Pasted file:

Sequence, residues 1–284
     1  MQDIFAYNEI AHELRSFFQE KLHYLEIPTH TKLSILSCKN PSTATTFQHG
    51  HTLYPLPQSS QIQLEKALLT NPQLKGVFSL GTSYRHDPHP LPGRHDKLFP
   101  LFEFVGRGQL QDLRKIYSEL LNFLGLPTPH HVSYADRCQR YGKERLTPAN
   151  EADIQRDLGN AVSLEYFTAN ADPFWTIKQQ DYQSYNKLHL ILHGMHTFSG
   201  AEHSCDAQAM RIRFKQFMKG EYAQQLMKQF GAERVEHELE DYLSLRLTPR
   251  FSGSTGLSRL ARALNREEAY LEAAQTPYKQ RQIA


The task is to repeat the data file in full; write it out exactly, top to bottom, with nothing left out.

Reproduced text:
Sequence, residues 1–284
     1  MQDIFAYNEI AHELRSFFQE KLHYLEIPTH TKLSILSCKN PSTATTFQHG
    51  HTLYPLPQSS QIQLEKALLT NPQLKGVFSL GTSYRHDPHP LPGRHDKLFP
   101  LFEFVGRGQL QDLRKIYSEL LNFLGLPTPH HVSYADRCQR YGKERLTPAN
   151  EADIQRDLGN AVSLEYFTAN ADPFWTIKQQ DYQSYNKLHL ILHGMHTFSG
   201  AEHSCDAQAM RIRFKQFMKG EYAQQLMKQF GAERVEHELE DYLSLRLTPR
   251  FSGSTGLSRL ARALNREEAY LEAAQTPYKQ RQIA